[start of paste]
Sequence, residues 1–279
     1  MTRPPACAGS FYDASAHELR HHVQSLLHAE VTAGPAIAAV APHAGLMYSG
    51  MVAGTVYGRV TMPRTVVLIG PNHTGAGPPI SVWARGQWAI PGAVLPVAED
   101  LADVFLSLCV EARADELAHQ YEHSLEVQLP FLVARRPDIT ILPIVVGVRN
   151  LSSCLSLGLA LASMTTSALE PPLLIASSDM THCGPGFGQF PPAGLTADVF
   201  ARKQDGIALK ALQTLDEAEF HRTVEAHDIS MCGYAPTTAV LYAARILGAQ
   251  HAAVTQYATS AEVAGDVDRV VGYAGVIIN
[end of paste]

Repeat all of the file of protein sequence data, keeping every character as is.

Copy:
Sequence, residues 1–279
     1  MTRPPACAGS FYDASAHELR HHVQSLLHAE VTAGPAIAAV APHAGLMYSG
    51  MVAGTVYGRV TMPRTVVLIG PNHTGAGPPI SVWARGQWAI PGAVLPVAED
   101  LADVFLSLCV EARADELAHQ YEHSLEVQLP FLVARRPDIT ILPIVVGVRN
   151  LSSCLSLGLA LASMTTSALE PPLLIASSDM THCGPGFGQF PPAGLTADVF
   201  ARKQDGIALK ALQTLDEAEF HRTVEAHDIS MCGYAPTTAV LYAARILGAQ
   251  HAAVTQYATS AEVAGDVDRV VGYAGVIIN